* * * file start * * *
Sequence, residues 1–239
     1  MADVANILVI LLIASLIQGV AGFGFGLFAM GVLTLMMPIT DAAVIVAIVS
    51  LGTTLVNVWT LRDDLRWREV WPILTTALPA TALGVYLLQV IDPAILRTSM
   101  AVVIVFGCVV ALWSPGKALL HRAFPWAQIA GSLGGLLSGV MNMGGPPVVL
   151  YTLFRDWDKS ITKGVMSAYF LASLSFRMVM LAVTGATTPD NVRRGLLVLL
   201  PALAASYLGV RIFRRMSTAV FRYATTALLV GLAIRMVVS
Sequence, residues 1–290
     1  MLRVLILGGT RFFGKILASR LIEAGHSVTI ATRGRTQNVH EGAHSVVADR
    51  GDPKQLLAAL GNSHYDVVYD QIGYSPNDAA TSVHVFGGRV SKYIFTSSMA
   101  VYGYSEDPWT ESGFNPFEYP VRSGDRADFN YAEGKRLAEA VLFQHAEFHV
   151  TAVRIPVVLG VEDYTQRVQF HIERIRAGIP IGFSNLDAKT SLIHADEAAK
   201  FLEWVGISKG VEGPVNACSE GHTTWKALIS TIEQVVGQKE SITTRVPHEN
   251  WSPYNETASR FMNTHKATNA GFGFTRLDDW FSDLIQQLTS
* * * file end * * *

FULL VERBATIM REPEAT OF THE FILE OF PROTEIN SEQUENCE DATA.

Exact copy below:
Sequence, residues 1–239
     1  MADVANILVI LLIASLIQGV AGFGFGLFAM GVLTLMMPIT DAAVIVAIVS
    51  LGTTLVNVWT LRDDLRWREV WPILTTALPA TALGVYLLQV IDPAILRTSM
   101  AVVIVFGCVV ALWSPGKALL HRAFPWAQIA GSLGGLLSGV MNMGGPPVVL
   151  YTLFRDWDKS ITKGVMSAYF LASLSFRMVM LAVTGATTPD NVRRGLLVLL
   201  PALAASYLGV RIFRRMSTAV FRYATTALLV GLAIRMVVS
Sequence, residues 1–290
     1  MLRVLILGGT RFFGKILASR LIEAGHSVTI ATRGRTQNVH EGAHSVVADR
    51  GDPKQLLAAL GNSHYDVVYD QIGYSPNDAA TSVHVFGGRV SKYIFTSSMA
   101  VYGYSEDPWT ESGFNPFEYP VRSGDRADFN YAEGKRLAEA VLFQHAEFHV
   151  TAVRIPVVLG VEDYTQRVQF HIERIRAGIP IGFSNLDAKT SLIHADEAAK
   201  FLEWVGISKG VEGPVNACSE GHTTWKALIS TIEQVVGQKE SITTRVPHEN
   251  WSPYNETASR FMNTHKATNA GFGFTRLDDW FSDLIQQLTS